• David, I can’t make it look as good or easy as the movie does, but I’m honored by your link to that distinction. As a birder, though, and poet, you understand the similar worlds of beauty that the fly rod and the birding scope can bring to mind.

  5. Another great post, love the close-up of the reel! Have a great Sunday! Marcus

  6. Bob Stanton says:

    Indeed, the Hardy is a thing of beauty. The fishing time here has been pretty scarce, with high water still an obstacle. Things should shape up quickly, though. I assume your school obligations are met for the next couple of months? We should start scheming.

    • Yep, let’s start scheming. After the holiday weekend I am starting to look clear. I was wondering how your hike was….

      • Bob Stanton says:

        Anticlimactic. We had to bail after a day and a half, 17 miles in. Whit just couldn’t do it. Bad toe issues and the drudgery of carrying a pack up and down hill was too much. In retrospect, it’s a good thing we did because all the rain towards the end of the week would have made even minor stream crossings dangerous. Some other time, perhaps.

  7. Sorry to hear, though 17 miles (x2) is still a walk. The weather had me concerned for you all. Not at all pleasant. McLaughlin was doing a hundred-miler but cut it short, as well.

  8. loydtruss says:

    Really impressed with the combo you was using on this outing, what is the length of the rod you was using with, I assume a vintage reel? Thanks for sharing

  9. Brent says:

    I may be late to the game, but it’s never too late to comment on a great little ode to enjoying home during a northern summer. I’m looking forward to joining later this week!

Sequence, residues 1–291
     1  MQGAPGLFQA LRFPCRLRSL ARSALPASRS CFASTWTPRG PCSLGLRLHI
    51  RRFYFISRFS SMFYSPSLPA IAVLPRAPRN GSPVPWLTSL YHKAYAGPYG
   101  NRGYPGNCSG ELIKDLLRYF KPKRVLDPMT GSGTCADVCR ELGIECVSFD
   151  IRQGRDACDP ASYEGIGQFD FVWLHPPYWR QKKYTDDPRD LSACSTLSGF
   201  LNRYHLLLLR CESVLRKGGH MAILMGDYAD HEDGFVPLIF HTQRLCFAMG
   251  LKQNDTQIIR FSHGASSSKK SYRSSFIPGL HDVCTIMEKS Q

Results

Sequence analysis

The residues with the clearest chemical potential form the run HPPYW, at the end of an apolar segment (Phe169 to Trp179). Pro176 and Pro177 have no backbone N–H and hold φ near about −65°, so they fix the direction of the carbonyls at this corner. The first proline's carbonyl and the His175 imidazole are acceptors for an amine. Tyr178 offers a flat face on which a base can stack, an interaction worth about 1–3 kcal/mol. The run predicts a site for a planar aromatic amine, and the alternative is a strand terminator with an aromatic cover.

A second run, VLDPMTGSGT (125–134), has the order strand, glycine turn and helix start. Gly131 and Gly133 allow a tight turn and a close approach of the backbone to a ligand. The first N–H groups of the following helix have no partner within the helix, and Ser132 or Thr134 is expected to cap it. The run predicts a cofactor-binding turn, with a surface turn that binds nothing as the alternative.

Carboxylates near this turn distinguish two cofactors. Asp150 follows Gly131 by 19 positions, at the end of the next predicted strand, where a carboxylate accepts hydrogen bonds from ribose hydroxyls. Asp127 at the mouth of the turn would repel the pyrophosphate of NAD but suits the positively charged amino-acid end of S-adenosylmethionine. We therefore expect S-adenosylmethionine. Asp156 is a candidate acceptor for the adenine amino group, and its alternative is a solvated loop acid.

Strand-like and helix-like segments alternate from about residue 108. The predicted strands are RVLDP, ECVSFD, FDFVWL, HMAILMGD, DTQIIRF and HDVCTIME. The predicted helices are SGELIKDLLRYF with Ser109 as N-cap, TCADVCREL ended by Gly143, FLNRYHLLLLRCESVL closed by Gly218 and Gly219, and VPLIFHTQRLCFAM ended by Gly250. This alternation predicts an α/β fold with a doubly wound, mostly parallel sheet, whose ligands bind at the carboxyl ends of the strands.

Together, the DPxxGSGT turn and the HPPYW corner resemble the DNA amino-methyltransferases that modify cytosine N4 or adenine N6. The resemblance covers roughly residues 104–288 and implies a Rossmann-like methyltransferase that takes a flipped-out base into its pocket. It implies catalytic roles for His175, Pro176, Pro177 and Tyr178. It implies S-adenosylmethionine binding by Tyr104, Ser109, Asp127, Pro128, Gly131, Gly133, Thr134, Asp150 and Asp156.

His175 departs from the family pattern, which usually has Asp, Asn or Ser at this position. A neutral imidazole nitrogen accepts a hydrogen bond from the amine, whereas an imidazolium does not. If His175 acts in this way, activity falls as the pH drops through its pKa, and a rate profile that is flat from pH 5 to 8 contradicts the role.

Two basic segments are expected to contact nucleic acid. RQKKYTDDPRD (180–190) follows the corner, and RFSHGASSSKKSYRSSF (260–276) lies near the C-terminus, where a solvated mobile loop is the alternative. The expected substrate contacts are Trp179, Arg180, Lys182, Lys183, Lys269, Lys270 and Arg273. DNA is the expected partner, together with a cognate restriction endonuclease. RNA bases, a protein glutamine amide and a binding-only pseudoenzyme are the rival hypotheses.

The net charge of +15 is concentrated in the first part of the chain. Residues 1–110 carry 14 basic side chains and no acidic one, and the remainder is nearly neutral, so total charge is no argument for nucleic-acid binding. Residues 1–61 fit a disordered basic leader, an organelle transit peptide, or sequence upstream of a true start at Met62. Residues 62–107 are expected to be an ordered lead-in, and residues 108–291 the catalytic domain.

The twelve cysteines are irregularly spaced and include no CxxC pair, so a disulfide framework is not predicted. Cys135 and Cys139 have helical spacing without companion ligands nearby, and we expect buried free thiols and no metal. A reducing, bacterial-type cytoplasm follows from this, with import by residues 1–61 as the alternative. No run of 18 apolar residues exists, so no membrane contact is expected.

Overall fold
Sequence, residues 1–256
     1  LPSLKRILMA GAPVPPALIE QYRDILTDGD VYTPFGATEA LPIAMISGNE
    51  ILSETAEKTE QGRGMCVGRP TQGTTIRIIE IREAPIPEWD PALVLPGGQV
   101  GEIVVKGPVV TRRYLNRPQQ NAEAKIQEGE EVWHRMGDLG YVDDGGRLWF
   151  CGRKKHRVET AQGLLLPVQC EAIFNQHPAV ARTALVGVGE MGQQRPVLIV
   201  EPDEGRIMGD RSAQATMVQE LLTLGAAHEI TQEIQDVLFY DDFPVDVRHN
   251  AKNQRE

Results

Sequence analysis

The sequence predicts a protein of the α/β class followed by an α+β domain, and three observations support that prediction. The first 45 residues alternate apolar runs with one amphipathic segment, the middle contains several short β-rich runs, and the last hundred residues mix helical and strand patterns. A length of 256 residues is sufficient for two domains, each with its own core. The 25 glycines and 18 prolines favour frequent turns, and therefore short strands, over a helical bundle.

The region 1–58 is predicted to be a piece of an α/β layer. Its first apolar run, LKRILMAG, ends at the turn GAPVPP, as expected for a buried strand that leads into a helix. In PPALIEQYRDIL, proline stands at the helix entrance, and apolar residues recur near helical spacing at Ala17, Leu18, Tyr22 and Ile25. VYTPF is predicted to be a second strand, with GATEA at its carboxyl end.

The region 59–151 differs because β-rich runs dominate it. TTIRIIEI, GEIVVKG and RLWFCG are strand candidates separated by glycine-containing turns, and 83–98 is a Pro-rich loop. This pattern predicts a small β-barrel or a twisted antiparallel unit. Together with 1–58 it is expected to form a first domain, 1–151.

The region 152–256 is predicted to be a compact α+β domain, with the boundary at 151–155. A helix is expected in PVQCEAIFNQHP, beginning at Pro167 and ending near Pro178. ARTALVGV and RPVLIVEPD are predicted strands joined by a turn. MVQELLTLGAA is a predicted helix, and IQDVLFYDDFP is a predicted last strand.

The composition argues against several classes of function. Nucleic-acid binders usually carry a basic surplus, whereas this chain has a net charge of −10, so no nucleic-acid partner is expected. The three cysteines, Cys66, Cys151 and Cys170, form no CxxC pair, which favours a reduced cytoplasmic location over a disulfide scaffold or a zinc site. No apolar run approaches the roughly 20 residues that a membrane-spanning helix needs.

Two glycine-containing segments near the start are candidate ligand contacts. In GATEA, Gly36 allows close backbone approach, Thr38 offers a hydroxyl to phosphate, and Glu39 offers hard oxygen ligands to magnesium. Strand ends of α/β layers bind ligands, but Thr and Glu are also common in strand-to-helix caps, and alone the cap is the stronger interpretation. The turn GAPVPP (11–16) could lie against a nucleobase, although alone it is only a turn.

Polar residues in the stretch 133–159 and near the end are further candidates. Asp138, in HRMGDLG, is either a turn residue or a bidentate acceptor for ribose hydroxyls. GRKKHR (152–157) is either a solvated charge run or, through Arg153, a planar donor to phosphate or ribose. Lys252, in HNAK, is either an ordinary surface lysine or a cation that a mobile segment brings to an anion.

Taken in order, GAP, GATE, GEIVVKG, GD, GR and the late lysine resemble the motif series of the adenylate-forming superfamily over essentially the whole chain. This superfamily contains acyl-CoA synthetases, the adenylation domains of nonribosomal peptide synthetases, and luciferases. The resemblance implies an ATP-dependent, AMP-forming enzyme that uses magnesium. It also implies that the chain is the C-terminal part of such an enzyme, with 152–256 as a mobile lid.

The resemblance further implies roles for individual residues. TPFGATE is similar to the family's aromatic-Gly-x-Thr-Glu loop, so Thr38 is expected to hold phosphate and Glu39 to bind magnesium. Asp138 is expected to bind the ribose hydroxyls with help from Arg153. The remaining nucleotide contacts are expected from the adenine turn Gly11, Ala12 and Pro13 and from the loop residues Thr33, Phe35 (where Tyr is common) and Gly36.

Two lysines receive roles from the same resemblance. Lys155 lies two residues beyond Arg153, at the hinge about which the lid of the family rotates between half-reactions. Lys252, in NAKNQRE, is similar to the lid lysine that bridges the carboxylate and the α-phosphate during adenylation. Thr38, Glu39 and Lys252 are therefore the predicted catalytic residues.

10. Jet Eliot says:

    I really enjoyed this post, Walt. Although the skills of your fishing are lost on a non-fisherperson like me, I always enjoy going out on these adventures with you. Going through thorny roses, waist-high nettles, turbulent water. The way time flies by, and your pure joy at being in these familiar waters. Your fish terms and lovely photos. It’s your writing–descriptions, style, rhythm–that I find tranquil and mesmerizing. Thanks very much.

    • Jet, Not only do I value comments from the angling world, I also greatly appreciate hearing from people like yourself for whom fishing is not a familiar subject. When I hear from writers/ artists like yourself who also appreciate the writing element, I feel blessed, to say the least. Thank you very much.

  11. JZ says:

    Nice to get back to more fishable waters and stretches you know like the back of your hand. Very nice Walt! I’ve ventured and fished Hammersly last week and enjoyed the solitude and tranquility. I’m heading there tomorrow and looking toward to more of the same. I fished the lower end and am gone to pick-up where I left off. Pushing my way up further and checking out the sights while casting a fly. The brooks were eager and aggressive, but I found out that they weren’t fond of ANY sort of drag. Those fish there are the most drag sensitive brooks I’ve seen in some time.
    Walt, it makes me feel lucky to hold such a beautiful fish. To enjoy clean air and to enjoy such a wonderful area. These kind of watersheds must be protected and cherished. The same with others, but it truly was a memorable day spent fishing. Hope your future days spent on the water continue to lift your spirit like it does mine my friend.

    • Always great to hear from you, JZ. Glad you made it up to Hammersley & had some fun with those drag-sensitive (educated?) brookies. It’s such a beautiful area, and I’ve been meaning to return there myself before long. Hell, maybe I’ll go there tomorrow & find you up in the deep woods. If so, don’t give them all a sore lip. I’ll need to catch a few!

  12. Anonymous says:

    I’ll be there, sure would be nice to meet you. If you see a Marine plate that reads TROUT, your on the right path.